Raegan
It was good. I liked how what was going on in the diary corresponded with Amanda's life. It confused me, though, b/c Amanda was writing a story, and her story had many similarities with the one I'm working on, including the main character's name. So I frequently had to stop and work out my thoughts.
Ann
How come every story line I have read lately has a family breaking up? I would have loved more story with the diaries the kids wrote. Although I feel the diary writing was too advanced for 5th graders. I would have loved having more of the story about the Civil War and the effect it had on the students.
Kim
Everyone in Amanda's 5th grade class is given an assignment to write a diary about a person living during the civil war. She writes about Polly, a girl living in Maryland that has one brother fighting for the North nad one for the South.
Sue (booknbeachbag)
I enjoyed this book a lot. It had parallel stories about a girl whose family is falling apart while she's writing a made-up diary of a Civil War girl whose country *and* family are falling apart.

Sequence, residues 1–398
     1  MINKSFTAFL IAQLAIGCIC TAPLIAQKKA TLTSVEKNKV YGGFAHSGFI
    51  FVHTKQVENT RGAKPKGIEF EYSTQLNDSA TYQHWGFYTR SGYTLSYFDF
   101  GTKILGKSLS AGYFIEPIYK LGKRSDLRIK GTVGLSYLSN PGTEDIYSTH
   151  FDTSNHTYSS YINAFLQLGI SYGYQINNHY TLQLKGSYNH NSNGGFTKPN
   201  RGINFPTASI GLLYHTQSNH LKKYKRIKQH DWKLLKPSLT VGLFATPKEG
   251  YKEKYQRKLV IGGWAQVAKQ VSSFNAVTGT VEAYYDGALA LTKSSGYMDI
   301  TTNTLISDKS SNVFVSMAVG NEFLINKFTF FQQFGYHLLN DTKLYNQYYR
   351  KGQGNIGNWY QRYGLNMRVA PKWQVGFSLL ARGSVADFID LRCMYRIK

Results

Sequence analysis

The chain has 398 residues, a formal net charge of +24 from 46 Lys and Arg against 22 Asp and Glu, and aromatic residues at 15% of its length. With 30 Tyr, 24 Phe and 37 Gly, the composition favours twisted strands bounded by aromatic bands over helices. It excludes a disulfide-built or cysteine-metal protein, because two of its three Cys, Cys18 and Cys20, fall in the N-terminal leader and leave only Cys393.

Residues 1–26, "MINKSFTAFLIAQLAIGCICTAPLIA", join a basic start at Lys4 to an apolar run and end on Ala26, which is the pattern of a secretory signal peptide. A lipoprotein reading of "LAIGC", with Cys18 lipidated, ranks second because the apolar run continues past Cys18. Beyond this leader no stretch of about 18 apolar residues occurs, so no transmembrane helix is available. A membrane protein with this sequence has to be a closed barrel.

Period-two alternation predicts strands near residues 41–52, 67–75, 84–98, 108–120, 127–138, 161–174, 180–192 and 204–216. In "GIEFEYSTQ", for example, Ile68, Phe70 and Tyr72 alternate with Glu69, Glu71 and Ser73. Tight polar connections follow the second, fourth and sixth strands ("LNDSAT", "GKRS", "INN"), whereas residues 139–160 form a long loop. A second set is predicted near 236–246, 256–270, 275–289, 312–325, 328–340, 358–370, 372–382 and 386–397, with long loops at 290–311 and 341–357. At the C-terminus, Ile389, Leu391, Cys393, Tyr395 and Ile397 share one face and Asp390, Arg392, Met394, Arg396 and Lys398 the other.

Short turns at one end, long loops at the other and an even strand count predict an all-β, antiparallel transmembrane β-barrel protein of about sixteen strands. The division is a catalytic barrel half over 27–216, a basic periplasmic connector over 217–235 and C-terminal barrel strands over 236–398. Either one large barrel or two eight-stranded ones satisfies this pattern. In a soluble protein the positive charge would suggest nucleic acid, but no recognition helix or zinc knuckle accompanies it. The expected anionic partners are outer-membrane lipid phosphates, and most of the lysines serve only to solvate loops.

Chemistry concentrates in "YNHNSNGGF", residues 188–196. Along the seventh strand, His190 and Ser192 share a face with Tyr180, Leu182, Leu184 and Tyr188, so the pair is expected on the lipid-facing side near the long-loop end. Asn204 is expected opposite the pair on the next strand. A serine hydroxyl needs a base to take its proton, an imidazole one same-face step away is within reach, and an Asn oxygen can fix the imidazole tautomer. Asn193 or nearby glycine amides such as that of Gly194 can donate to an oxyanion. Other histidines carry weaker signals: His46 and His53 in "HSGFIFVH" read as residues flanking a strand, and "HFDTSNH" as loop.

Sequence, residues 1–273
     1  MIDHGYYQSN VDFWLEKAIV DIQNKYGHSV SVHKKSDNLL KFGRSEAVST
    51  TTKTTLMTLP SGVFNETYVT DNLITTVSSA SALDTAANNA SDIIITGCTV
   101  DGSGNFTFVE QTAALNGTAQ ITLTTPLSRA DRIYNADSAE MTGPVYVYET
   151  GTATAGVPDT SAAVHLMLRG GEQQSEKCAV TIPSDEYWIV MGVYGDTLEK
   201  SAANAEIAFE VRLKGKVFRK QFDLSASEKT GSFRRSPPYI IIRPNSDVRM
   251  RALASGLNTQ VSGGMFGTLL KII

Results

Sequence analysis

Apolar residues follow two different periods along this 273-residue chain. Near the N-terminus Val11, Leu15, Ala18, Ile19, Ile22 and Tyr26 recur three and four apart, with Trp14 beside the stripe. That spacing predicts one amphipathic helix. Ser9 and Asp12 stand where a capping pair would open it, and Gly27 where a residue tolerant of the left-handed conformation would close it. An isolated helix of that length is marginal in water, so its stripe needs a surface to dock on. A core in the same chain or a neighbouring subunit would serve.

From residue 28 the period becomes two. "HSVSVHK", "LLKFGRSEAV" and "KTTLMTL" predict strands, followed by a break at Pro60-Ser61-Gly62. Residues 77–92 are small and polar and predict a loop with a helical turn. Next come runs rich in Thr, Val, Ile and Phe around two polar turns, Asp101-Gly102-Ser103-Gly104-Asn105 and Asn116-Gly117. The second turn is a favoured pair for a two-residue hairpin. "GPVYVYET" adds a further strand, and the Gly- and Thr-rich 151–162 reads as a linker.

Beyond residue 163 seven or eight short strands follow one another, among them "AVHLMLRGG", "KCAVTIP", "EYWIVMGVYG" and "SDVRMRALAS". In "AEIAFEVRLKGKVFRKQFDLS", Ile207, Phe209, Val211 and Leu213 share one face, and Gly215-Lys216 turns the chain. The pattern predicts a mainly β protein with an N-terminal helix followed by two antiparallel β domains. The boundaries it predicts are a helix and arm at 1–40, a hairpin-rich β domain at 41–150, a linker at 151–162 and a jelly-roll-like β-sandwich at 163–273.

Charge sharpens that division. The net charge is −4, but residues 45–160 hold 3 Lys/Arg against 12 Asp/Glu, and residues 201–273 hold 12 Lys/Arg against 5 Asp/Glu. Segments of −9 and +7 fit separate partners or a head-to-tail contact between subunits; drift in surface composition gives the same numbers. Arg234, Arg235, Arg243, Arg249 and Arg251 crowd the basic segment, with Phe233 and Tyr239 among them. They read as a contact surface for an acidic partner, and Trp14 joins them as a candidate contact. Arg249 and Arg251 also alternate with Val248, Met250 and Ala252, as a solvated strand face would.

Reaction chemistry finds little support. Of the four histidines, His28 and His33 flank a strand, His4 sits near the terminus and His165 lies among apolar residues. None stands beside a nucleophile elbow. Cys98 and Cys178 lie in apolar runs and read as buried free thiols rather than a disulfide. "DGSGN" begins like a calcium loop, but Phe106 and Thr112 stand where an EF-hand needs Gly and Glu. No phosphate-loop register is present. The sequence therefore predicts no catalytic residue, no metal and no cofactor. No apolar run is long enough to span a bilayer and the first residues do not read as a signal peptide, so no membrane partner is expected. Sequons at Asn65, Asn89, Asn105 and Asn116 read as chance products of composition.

Jessie Johnson
Kid dialogue that actually sounds like kids...what a concept! Characters are real and endearing, and the author does an exceptional job with tough topics, primarily racism and divorce.
Sandy
I liked the historical and writing aspect of this book but like others I will agree that too many children's books nowadays focus on the 3 D's (divorce, death and depression.
Christina
This is the first Mark Twain Award nominee I cannot recommend to my children. It was well written but I felt that it seemed to excuse immoral behavior when it alluded to it.
Sharidan
Superb. Made me quiz what i know about what people didn't actually have in the 1800's
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Claudia Mills is the author of How Oliver Olson Changed the World, 7 x 9 = Trouble!, Being Teddy Roosevelt, and many other books for children. She was born in New York City in 1954. She received her bachelor's degree from Wellesley College, her master's degree from Princeton University, and a Ph.D. in philosophy from Princeton University. She also received an M.L.S. degree from the University of M ...more